U.S. Company’s Decontamination Technology Used to Remediate Fukushima School

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Students, teachers and CBI Polymers representatives in front of the Asahimachi Church in Fukushima.

HONOLULU (PRNewswire) — CBI Polymers Inc., the U.S.-based innovator of DeconGel nuclear decontaminant, announced Aug. 3 a collaborative effort to remediate radiation from the campus of the Asahimachi Baptist Church and Little Lamb Kindergarten in Fukushima, in a project CBI Polymers calls “Restore Playtime.”

CBI Polymers donated its DeconGel nuclear decontaminant and the manpower to apply the blue gel to the affected areas of the school. Once dry, the gel was peeled away, taking harmful radiation with it.

DeconGel nuclear decontaminant is unique compared to traditional decontamination solutions, which mostly consist of soap and water. Multiple laboratory tests and customer field deployments have demonstrated near-100% decontamination of hazardous materials ranging from uranium and cesium to PCB oils and beryllium. DeconGel allows for waterless remediation, eliminating the environmental impact of liquid runoff and significantly reducing waste volume and disposal costs by up to 90 percent.

The school’s headmistress, Tamiko Kokubo, was uncomfortable allowing her students to play outside for the past four and a half months because of the fear of radiation exposure from the fallout generated by the Fukushima Daiichi Nuclear Power Plant, which suffered a catastrophic breach of its containment facilities after the March 11 earthquake and subsequent tsunami. The release of radioactive isotopes into the atmosphere contaminated much of the surrounding area.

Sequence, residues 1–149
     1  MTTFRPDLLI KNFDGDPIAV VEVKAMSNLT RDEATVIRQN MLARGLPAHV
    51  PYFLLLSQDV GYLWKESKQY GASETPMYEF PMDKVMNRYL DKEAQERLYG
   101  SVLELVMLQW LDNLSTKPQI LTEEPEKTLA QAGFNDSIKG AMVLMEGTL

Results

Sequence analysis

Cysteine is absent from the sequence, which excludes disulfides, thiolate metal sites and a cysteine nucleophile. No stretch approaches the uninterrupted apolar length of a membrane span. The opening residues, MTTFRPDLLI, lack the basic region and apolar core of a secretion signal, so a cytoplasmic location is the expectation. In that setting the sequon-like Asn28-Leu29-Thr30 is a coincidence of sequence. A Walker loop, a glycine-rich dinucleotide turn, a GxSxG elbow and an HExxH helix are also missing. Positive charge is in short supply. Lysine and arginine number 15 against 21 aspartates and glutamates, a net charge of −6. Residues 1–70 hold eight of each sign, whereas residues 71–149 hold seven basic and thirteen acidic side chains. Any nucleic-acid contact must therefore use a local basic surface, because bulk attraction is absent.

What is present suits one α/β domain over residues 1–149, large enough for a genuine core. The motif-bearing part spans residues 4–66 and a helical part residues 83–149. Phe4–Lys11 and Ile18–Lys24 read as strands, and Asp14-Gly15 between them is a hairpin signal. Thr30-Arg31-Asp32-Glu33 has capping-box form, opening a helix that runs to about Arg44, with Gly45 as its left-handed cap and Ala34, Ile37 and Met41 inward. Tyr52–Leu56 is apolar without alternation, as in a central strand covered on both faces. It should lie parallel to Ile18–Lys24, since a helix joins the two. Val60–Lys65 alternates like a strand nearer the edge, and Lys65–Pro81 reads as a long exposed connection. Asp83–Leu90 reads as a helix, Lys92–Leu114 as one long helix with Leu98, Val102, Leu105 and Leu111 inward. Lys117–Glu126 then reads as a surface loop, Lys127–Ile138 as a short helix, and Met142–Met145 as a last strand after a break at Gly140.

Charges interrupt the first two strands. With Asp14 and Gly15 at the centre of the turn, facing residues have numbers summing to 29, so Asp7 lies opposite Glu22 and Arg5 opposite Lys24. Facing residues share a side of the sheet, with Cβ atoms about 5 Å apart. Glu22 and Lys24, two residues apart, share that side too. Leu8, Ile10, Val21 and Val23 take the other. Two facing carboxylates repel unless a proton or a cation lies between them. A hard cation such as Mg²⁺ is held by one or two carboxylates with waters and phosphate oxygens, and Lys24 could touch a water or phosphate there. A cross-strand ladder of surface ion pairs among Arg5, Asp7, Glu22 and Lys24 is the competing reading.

To protect her students from exposure to radioactive particles, Kokubo chose not to open the playground and outdoor surfaces to the children. While necessary for safety reasons, this closure of the outdoor facilities deprived the school’s pre-school children and elementary-level students of all outdoor activities, which are important to their physical development, as well as being one of the most enjoyable parts of their day.

Kokubo observed, “Many of the fondest memories of childhood come from outdoor places and activities. This cleanup gives our children back their outdoor playtime, not only a basic joy but one critical to successful childhood development. We appreciate the work of CBI Polymers and the donation of DeconGel.”

Cham Dallas, Ph.D., a radiation mitigation expert and director of the Institute for Health Management and Mass Destruction Defense at the University of Georgia, oversaw the application of DeconGel and removal of radiation for the project. “DeconGel provides the unique capability to encapsulate radiation, making removal more efficient, while minimizing the opportunity for the radiation to spread,” Dallas said.

CBI Polymers initially provided assistance to Fukushima disaster relief with a donation of product and technical services, valued at $250,000. Individual stories, such as the plight of the Little Lamb Kindergarten, encouraged the company to become directly involved.

“We were pleased to be part of a project helping to create a safe place for children in the midst of the unprecedented disaster,” said Galen Ho, CEO of CBI Polymers. “We look forward to expanding the applicability of DeconGel. We believe it can further the remediation efforts and help to restore a sense of well-being for the people of Fukushima and other affected areas.”

On Aug. 1, CBI Polymers was selected for the U.S. Department of Commerce Export Achievement Award for its role in helping Hungary respond to its chemical spill disaster last year, and for its contribution to Japan’s earthquake and tsunami recovery efforts. The award recognizes U.S. companies who, through the export services of the International Trade Administration’s U.S. Commercial Service, have expanded into new foreign markets.

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